Girdle of Princess Sithathor

The girdle of the Princess Sithathor is made of eight gold, half-open cowry shells. The ones at each end have flat reverses, and were joined by means of grooves to serve as a clasp, fastening the girdle when they slid one into the other.

The shells are separated from each other by rhomboidal polychrome beads of carnelian, feldspar, and lapis lazuli. Gold cowry shells were imitations of the real cowry shells that had been used in belts, bracelets, anklets, and necklaces since the pre-dynastic period. People thought that cowry shells possessed powerful magical properties and increase female fertility.

Girdle of Princess Sithathor
Girdle of Princess Sithathor

The use of girdles as a woman’s ornament was widespread in Egypt from the Middle Kingdom and wall paintings often show naked girls clad only with small chains formed by alternating beads and amulets around their hips.

Princess Sithathor was a daughter of King Senusret II, and was most probably a sister of Senusret III, as she was buried within his pyramid complex at Dahshur.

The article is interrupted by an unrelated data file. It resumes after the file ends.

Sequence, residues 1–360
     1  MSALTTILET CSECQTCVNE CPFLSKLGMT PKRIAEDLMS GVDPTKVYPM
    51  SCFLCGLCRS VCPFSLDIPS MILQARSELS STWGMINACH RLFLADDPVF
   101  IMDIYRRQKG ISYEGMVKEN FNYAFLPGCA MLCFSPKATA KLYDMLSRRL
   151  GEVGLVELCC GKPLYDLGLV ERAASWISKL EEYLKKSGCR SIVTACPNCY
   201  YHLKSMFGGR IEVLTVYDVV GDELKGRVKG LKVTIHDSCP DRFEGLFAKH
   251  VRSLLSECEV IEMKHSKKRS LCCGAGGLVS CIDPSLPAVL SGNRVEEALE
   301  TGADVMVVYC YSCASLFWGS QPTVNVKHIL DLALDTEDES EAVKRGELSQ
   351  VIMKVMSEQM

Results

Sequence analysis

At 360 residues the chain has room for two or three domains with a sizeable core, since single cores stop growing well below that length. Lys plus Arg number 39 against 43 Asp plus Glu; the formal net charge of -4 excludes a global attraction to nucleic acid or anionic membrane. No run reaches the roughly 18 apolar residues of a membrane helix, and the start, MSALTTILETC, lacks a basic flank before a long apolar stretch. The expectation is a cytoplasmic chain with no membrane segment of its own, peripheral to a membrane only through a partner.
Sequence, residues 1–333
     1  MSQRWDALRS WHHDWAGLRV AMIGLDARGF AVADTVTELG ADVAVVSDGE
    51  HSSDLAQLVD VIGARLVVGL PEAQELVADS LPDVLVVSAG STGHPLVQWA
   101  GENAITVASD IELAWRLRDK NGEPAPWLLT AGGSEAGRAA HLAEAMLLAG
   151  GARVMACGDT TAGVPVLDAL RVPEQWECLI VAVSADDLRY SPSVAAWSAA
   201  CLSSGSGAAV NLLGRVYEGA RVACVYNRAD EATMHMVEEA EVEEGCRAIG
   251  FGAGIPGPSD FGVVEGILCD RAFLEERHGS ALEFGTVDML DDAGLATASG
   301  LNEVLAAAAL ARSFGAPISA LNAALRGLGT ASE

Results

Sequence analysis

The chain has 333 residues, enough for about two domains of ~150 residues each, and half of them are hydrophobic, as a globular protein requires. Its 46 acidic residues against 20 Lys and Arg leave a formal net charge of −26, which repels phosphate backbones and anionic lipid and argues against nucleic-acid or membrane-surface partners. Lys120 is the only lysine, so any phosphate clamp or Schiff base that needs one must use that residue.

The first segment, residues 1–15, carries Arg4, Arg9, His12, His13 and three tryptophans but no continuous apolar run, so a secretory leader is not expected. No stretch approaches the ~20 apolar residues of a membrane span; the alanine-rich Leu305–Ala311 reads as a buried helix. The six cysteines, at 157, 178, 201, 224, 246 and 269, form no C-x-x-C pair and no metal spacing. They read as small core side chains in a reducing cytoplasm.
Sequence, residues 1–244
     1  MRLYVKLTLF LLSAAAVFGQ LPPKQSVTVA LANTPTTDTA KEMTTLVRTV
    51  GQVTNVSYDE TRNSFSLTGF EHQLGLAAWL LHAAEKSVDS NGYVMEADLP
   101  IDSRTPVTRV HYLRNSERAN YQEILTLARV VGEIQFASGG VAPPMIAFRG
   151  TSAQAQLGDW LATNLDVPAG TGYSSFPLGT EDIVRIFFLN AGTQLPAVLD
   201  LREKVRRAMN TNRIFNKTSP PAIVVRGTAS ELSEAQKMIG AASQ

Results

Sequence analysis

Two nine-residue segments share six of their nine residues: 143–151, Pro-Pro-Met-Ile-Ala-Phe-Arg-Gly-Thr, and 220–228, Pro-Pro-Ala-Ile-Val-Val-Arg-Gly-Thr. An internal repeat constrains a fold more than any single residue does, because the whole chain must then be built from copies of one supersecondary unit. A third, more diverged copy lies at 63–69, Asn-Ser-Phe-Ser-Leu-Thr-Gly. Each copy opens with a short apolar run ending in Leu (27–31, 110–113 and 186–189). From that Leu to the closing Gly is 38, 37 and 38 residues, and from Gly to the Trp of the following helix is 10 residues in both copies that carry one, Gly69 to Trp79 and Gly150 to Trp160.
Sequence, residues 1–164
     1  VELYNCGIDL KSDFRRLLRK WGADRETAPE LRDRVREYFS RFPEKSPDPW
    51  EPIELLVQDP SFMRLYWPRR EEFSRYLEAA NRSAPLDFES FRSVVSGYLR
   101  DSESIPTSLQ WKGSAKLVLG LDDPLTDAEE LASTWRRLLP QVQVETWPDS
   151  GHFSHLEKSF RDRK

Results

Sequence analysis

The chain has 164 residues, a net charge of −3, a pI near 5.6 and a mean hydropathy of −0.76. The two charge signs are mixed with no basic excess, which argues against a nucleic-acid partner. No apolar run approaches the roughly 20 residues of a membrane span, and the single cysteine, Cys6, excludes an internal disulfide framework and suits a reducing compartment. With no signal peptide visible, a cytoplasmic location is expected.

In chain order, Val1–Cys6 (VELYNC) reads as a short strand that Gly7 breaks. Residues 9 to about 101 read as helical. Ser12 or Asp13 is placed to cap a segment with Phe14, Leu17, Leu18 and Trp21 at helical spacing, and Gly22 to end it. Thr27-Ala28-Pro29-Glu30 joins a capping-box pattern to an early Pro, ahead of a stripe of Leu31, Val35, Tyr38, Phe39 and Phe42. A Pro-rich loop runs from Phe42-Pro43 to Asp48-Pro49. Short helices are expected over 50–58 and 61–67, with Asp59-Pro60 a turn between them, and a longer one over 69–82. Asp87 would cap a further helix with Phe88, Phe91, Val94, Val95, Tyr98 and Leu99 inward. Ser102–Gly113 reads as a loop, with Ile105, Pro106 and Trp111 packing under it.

Girdle of Princess Sithathor
Girdle of Princess Sithathor

Very fine pieces of jewelry that belonged to her were found in her tomb; they are now preserved in the Egyptian Museum in Cairo. Most of the burials were found looted, but there were two boxes for jewelry overlooked by tomb robbers. Both boxes contained an outstanding collection of jewelry.

Middle Kingdom, 12th Dynasty, reign of Senusret II, ca. 1897-1878 BC. Gold, lapis lazuli, carnelian, and feldspar. Length: 70 cm. Tomb of Princess Sathathor, Funerary complex of Senusret III, Dahshur. Excavation by Jacques de Morgan, 1894. Now in the Egyptian Museum, Cairo. JE 30858

Fastener of Princess Sithathor
Fastener of Princess Sithathor. Height: 2.7 cm. Made of gold, carnelian, lapis lazuli and turquoise. Funerary Complex of Senusret III at Dahshur. Egyptian Museum, Cairo. JE 30862
Photo: Sandro Vannini

Follow Egypt Museum on Facebook to get latest posts and updates.